As mentioned earlier, the Amendment basically just adds new terms to the 2015 Resolution. First, the suggested Amendment introduces the term “universal crime” to define surrogacy. It goes on to add that surrogacy does not only compromise the rights of women, but also the rights of the child. I think it’s funny that some people advocate for the right to surrogacy in the name of the rights of women, and some others defend the idea that surrogacy goes against the rights of women. They believe, and I agree with them, that condemning this practice is a way to safeguard women’s rights.
I noticed an extremely interesting difference between the two condemnations of surrogacy, on which I take the liberty of lingering a little longer. This difference lies in what we consider to be used / reduced as a commodity when surrogate motherhood is used. The small comparison below shows the exact terms used in these two versions:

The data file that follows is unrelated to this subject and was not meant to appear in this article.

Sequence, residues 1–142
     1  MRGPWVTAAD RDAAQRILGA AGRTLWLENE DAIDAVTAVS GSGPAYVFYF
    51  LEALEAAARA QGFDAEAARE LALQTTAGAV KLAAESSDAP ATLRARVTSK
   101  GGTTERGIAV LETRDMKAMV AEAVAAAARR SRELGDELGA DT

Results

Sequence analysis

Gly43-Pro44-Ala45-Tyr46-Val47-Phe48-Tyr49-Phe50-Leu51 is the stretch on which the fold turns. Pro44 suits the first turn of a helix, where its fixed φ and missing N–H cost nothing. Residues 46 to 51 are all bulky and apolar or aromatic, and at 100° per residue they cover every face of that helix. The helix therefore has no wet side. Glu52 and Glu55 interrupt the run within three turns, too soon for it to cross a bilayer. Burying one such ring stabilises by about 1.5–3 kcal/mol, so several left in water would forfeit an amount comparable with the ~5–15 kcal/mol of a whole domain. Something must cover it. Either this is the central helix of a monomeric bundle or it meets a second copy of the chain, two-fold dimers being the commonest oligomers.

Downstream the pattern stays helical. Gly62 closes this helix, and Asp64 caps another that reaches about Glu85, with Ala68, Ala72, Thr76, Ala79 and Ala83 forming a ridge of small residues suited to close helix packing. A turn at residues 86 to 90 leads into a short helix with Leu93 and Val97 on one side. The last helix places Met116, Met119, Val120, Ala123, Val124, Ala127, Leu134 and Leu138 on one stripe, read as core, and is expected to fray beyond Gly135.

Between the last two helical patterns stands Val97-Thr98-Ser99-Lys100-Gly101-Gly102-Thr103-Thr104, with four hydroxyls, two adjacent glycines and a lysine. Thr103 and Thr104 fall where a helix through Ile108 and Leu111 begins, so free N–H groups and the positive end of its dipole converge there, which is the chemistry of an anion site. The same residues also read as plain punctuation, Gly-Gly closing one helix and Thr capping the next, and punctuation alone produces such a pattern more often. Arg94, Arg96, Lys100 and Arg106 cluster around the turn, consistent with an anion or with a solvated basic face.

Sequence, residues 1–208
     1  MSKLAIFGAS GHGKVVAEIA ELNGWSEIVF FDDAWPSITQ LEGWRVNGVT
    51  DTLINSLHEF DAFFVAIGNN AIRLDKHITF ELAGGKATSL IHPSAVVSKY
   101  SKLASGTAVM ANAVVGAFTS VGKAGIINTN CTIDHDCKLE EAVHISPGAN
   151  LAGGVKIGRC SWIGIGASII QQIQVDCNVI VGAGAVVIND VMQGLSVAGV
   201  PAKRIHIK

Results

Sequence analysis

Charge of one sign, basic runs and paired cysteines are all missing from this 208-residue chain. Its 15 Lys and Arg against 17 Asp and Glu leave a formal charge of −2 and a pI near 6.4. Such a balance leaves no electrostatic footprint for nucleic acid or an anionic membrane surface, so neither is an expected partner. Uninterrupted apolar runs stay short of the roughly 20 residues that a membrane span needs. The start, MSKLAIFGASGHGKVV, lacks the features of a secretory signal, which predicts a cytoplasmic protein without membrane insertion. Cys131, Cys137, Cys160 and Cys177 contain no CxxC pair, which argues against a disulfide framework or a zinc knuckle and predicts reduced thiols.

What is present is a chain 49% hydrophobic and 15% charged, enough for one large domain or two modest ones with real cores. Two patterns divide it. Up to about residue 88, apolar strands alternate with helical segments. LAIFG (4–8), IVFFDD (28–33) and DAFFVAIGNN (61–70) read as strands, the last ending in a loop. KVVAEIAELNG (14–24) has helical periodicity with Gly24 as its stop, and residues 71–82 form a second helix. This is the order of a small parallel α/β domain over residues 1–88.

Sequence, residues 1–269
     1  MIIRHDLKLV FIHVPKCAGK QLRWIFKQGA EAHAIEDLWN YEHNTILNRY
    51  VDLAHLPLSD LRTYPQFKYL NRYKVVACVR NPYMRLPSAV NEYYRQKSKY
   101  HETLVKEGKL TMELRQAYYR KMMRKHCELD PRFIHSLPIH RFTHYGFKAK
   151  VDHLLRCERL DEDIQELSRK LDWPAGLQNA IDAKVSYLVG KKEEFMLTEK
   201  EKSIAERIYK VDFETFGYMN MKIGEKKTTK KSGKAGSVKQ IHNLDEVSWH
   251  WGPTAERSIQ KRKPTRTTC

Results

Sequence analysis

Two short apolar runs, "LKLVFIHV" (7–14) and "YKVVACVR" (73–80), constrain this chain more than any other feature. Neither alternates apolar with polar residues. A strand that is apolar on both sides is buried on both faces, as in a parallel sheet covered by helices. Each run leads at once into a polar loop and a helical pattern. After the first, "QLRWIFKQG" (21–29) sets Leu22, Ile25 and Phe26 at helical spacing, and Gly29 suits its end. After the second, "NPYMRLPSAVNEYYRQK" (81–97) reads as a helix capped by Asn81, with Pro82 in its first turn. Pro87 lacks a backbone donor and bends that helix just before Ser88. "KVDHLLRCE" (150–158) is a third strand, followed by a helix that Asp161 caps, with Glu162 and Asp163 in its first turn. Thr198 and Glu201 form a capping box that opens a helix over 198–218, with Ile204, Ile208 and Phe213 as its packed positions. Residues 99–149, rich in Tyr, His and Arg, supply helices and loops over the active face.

§115 (Annual Report HR – 2014)
Used as a commodity:
Amendment 24 (Annual Report HR – 2019)
Reduced to a commodity:
The problem here lies in the divergence of vision of the human person. In the first column, the body of the human person does not seem to involve the person as a whole. This vision is used among others with the French slogan: “Mon corps m’appartient” (“My body belongs to me”). This generates a vision where our body is only our belonging. If the body is our belonging (in the sense our property), it can be used according to our desires. This is where the core of the disagreement on surrogacy lies.
The second column precisely sees the body as involving the person as a whole. This holistic vision of the human person protects the physical integrity of every human person. The concept of physical integrity means that every person has a right to respect for one’s body. If the body of a person is used as a commodity, then the whole person is used as such. As Mislav (WYA Europe Director of Advocacy) told me: “abuse on the body is abuse on the person”.
Here comes the central discussion about the consent: do we need to condemn the practice of surrogacy in every circumstance? Or do we condemn the forced surrogacy only? Is this practice unacceptable because it goes against human dignity? Or is it left to the free appreciation of each individual? And finally does anyone have the right to freely use their property – their body – as a commodity?